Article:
The 1,087 patients with MM who met study inclusion criteria included 292 of normal weight, 472 overweight, 198 obese, and 125 severely obese. Median follow-up of survivors is 63 (range 1-144) months, 61 (3-144) months, 60 (3-133) months and 59 (3-131) months for the respective BMI categories.
Baseline patient characteristics are shown in . Obese patients were younger than their non-obese counterparts. There was a higher prevalence of diabetes among obese patients. Obese transplant recipients also had less frequent hypercalcemia, severe anemia, and renal insufficiency. A higher proportion of severely obese patients were in complete or partial response at time of transplant.
Outcomes after Autologous Transplantation:
In the study population as a whole, there was no clear effect of BMI on PFS, OS, progression or NRM. We identified a statistically significant interaction between BMI and conditioning regimen for PFS and progression. Among those receiving melphalan alone, there was no clear association between BMI and these outcomes, with PFS at 5 years of 17% of normal weight patients, 18% of overweight patients, 21% of obese patients, and 14% of severely obese patients (p=0.65). Among those receiving melphalan and TBI, obese and severely obese patients had superior PFS and OS than did normal and overweight patients, with PFS at 5 years of 23% in normal weight patients, 17% in overweight patients, 43% in obese patients, and 55% in severely obese patients (p=0.005). P-values for the interactions between BMI and conditioning regimen were highly significant for PFS (p=0.0063) and progression (p=0.0085), with borderline significance for OS (p=0.012), but not significant for NRM (p=0.43). The effect of BMI on outcomes after transplant was therefore restricted to patients receiving melphalan with TBI, with obese patients having better outcomes, mediated primarily through a lower risk of disease progression.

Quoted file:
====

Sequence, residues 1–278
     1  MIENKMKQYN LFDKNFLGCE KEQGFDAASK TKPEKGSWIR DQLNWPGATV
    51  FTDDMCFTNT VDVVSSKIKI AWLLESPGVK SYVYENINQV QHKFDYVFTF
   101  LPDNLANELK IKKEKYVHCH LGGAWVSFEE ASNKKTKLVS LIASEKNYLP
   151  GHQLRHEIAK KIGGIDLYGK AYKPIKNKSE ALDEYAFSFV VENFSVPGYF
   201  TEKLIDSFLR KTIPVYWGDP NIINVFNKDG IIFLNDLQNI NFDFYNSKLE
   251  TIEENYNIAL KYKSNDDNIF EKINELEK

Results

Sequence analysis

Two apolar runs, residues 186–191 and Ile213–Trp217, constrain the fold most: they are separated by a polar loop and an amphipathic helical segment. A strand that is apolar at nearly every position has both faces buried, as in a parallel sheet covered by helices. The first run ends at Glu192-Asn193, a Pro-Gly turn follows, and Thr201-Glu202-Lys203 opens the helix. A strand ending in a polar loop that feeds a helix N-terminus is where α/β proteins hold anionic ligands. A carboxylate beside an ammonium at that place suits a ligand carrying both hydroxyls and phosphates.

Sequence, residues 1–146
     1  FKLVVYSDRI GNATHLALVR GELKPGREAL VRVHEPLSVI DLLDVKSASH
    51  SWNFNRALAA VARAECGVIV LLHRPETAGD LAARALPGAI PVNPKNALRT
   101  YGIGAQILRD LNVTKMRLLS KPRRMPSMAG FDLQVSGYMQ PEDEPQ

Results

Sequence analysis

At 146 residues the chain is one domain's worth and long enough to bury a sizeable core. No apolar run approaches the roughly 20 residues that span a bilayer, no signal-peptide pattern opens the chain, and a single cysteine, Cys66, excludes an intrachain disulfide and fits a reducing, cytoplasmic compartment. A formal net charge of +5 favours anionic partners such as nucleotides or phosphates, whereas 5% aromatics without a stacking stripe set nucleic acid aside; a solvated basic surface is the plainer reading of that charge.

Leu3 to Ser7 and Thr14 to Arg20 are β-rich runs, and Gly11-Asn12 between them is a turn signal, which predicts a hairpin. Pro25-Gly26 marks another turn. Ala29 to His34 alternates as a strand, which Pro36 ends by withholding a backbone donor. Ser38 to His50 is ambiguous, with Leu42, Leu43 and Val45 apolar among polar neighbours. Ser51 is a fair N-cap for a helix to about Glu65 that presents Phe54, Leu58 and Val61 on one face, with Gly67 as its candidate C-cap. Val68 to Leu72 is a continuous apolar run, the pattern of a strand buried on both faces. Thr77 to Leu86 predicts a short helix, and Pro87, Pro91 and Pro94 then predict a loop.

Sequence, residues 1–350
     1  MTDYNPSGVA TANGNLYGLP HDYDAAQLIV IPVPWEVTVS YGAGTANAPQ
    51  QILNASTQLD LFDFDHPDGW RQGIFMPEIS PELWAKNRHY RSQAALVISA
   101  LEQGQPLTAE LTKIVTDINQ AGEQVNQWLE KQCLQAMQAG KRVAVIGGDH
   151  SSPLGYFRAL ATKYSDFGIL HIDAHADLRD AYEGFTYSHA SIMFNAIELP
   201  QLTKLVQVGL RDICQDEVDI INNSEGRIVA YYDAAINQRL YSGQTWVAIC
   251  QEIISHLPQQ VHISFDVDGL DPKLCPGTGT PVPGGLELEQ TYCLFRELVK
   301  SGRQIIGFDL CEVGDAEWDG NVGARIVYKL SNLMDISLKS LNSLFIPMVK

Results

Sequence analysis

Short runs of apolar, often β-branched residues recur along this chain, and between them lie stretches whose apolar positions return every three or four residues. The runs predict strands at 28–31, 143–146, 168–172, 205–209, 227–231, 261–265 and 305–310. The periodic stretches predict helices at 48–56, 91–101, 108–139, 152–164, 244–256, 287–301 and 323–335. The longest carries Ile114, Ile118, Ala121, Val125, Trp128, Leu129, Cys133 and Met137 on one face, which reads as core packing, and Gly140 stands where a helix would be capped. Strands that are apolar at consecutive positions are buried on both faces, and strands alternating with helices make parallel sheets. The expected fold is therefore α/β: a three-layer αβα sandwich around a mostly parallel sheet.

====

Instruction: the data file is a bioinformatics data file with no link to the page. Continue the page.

To exclude confounding by baseline imbalances, we constructed multivariable models of PFS, OS, and progression using all potential confounders. These models included each variable individually, in groups of related variables, and in a single model using all variables, none of which showed any evidence of confounding, with no change in the estimate of effect of BMI on outcomes for patients receiving melphalan alone or melphalan with TBI (data not shown). Final multivariable models, constructed using a forward/backward stepwise algorithm, confirmed the effects of BMI on PFS, progression and OS, as shown in Tables , , and . A multivariate model for NRM (not shown), showed no evidence of confounding, and BMI did not have any clear effect on this outcome. Estimated probabilities of all these outcomes based on the final multivariate models are shown in .